Certified stoves meet emissions requirements outlined by the EPA. Current standards, put in place in 2015, dictate that certified wood stoves cannot produce particulate emissions of more than 4.5 grams per hour. In 2020, the standard will be changed to 2.0 to 2.5 grams per hour, depending on the type of wood used to test emissions.
Antique stoves are unlikely to be certified. If you’ve always dreamed of using your great-grandparents’ ancient wood stove to heat your home, think about displaying it for looks only and using a newer model that is safer and more efficient.
EPA-certified stoves will have a label on the back of the stove. The label will tell you when the stove was manufactured and which set of emissions standards it complies with.
If you install a wood stove in your home, make sure your smoke detectors and carbon monoxide detectors are installed in the correct locations and functioning properly.
A wood stove requires some additional components besides just the stove itself. The wood stove heating system also needs a chimney, stovepipe, and protection for your walls and floor.
Chimneys and stovepipes must be properly constructed and maintained for your wood stove to operate safely.
- Hire a professional chimney company to check on an existing system, if you have one, or install a new chimney system if you don’t.
- If you’re replacing an existing wood stove or building a new home designed to accommodate a wood stove, a chimney company will have the expertise to install (or update or repair, if necessary) the chimney system.
Floor and wall protection keeps your home safe.
- Noncombustible floor pads keep stray sparks from setting your floor on fire. Install a floor pad level with the surrounding floor to prevent tripping. Noncombustible materials used for floor pads include concrete, slate, ceramic tile, or brick.
- Walls surrounding a wood stove should be protected with heat shields, usually made of sheet metal. These shields should be installed by a professional, who will know the local building code requirements for installation, spacing, and the clearance needed between the wall and the stove.
Wood Stove Maintenance
Schedule regular chimney cleanings to prevent creosote build-up. Have your wood burning stove cleaned twice yearly, especially right before you start using the stove again.
Not all maintenance needs to be handled by a pro. On a regular basis, remove the ashes from your wood stove and dispose of them properly. Removing ashes from your stove can be messy, so read up on some ash removal tips.
A one-inch layer of ash in the bottom of the stove actually helps you build a fire and keep it going, so you do not always have to remove ash every time you start a fire. Just don’t let the ashes build up to more than a couple inches. At the end of the cold season, remove all the ashes from your stove.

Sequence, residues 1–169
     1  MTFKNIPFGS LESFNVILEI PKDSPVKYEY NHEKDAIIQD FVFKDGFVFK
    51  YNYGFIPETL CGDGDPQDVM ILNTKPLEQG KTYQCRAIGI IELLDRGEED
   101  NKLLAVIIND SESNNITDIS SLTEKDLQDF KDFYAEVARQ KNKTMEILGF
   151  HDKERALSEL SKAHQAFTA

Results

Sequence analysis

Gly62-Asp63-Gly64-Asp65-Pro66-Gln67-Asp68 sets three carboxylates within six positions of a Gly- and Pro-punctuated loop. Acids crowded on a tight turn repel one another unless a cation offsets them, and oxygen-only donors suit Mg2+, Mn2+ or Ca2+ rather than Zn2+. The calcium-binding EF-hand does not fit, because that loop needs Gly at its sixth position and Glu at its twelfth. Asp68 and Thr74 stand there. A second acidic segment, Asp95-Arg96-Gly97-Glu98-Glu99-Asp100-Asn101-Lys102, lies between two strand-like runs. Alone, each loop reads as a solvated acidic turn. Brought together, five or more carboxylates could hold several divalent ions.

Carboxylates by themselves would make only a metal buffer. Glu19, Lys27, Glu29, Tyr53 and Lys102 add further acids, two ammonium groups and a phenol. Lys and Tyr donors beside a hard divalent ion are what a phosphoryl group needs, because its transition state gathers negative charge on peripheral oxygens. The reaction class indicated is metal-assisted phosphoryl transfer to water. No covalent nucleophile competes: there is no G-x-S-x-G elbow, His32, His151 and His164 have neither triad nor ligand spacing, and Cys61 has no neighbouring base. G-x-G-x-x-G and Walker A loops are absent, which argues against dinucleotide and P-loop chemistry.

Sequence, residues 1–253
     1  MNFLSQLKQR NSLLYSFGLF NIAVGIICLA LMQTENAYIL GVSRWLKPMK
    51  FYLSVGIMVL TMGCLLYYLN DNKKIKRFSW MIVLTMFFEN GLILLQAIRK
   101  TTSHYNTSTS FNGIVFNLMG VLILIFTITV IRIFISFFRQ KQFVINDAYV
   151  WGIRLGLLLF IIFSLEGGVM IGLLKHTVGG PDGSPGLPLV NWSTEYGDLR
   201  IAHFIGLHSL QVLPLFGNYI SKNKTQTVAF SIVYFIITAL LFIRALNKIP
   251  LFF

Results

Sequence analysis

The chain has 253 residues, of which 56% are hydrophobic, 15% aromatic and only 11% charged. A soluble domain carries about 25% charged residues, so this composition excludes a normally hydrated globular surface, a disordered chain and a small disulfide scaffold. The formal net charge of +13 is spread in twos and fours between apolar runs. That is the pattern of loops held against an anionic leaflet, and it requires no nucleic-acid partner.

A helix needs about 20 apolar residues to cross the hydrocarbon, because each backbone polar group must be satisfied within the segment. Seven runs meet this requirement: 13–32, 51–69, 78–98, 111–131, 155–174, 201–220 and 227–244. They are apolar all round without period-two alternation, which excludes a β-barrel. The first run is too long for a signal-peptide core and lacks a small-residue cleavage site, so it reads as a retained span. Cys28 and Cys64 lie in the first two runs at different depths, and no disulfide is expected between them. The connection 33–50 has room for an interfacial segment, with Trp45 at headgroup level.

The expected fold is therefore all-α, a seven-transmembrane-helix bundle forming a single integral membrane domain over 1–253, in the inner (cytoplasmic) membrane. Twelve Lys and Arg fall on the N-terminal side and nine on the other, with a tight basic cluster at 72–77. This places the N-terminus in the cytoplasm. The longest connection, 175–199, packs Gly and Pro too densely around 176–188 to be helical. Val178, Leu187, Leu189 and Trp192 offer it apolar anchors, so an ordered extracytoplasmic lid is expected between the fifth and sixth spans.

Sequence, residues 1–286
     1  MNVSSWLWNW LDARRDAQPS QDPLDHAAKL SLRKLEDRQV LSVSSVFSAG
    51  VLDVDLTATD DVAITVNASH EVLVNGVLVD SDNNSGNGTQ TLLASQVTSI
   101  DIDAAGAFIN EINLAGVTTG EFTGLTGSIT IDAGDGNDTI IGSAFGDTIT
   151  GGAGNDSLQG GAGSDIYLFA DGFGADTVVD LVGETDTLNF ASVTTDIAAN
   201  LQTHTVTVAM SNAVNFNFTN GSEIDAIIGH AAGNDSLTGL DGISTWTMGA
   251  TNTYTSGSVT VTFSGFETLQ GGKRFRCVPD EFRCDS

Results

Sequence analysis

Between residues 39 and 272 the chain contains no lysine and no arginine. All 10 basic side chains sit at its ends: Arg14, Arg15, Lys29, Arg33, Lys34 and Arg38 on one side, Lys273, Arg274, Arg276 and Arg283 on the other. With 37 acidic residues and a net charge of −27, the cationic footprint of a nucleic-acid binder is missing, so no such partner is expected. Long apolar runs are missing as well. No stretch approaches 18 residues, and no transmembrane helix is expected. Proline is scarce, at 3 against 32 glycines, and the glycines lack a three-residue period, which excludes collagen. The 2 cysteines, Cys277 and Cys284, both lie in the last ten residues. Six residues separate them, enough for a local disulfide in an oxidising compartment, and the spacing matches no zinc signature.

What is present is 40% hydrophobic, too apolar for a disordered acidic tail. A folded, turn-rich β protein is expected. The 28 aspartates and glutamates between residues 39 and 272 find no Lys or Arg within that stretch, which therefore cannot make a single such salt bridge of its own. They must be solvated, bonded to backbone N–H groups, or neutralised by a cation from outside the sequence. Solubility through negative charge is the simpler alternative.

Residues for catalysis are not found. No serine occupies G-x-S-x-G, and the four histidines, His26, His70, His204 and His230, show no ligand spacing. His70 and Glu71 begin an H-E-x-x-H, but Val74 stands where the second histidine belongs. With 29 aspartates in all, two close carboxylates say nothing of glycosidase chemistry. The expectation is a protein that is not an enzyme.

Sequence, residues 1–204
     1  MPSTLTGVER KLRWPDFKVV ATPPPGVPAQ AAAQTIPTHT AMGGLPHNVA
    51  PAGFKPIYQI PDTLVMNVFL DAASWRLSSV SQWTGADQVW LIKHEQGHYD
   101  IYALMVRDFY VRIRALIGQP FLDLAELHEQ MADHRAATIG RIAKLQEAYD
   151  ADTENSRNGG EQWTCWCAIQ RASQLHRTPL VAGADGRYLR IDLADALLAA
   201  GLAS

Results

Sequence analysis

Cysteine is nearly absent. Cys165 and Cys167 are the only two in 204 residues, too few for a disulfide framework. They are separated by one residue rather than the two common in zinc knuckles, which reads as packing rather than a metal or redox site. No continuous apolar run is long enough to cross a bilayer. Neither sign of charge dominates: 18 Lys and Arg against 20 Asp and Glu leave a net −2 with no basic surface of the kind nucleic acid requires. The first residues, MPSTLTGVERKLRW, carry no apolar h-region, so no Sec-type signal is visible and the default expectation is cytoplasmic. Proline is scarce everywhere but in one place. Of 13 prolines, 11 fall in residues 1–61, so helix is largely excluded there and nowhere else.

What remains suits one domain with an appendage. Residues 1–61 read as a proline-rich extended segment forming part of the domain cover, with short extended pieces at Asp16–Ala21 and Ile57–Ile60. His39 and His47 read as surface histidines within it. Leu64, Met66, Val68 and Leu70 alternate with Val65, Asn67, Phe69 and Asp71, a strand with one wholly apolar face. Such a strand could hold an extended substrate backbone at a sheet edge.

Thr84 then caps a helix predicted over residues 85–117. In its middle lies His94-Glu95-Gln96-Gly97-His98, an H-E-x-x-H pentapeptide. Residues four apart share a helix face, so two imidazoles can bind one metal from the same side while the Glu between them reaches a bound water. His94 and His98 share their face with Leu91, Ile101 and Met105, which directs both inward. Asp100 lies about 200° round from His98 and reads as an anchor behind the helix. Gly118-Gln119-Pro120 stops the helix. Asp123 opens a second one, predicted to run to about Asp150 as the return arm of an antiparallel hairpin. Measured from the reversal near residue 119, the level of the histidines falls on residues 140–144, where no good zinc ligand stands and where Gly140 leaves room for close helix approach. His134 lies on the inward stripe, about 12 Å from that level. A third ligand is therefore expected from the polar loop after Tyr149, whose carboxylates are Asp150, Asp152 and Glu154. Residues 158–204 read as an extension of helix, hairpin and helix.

Alternatives to Wood Stoves
If you have an existing fireplace and you’d like to switch over to a wood stove, consult your chimney professional to determine whether a wood stove, pellet stove, fireplace insert, or other type of hearth heating system is right for you.
Pellet stoves burn wood pellets instead of wood, and they are the cleanest residential heating appliance that uses solid fuel, in terms of emissions.
A hopper feeds pellets into the stove automatically, which creates a more consistent and longer lasting fire than a traditional wood stove. Pellets are denser and contain less moisture than wood, so they burn more efficiently.
Pellet stoves produce less ash and creosote, and pellets are an easier fuel source to store than wood. A pellet stove does require electricity to power the hopper and the internal fan that distributes heat, so it needs to be installed near an outlet. Pellet stoves are more expensive than wood stoves, but they are the better option if you have allergies or live in an urban area.
A fireplace insert operates like a wood stove but is designed to be inserted into an existing fireplace. Fireplace inserts can be very efficient if installed properly. Often, fireplace insert installations are accompanied by chimney and flue upgrades to ensure the system works efficiently.
You can choose from different fireplace inserts depending on the fuel you want to use. Gas fireplace inserts are popular because they are easy to operate and don’t require storing piles or wood or bags of pellets. They can use either natural gas or propane. Wood-burning and wood pellet fireplace inserts are also available.
The Bottom Line
If you want to enjoy a roaring fire in a brand new wood stove this winter, hire a professional to make sure everything is done right. Safety is the number one priority, and a professional chimney company will make sure your system is installed and operating safely and correctly.
Ensure that your investment won’t go to waste by using your stove according to the manufacturer’s guidelines and scheduling regular cleanings and inspections of your stove and chimney each year.
Once your wood stove is installed and your maintenance is scheduled, sit back, relax, and enjoy the toasty fire!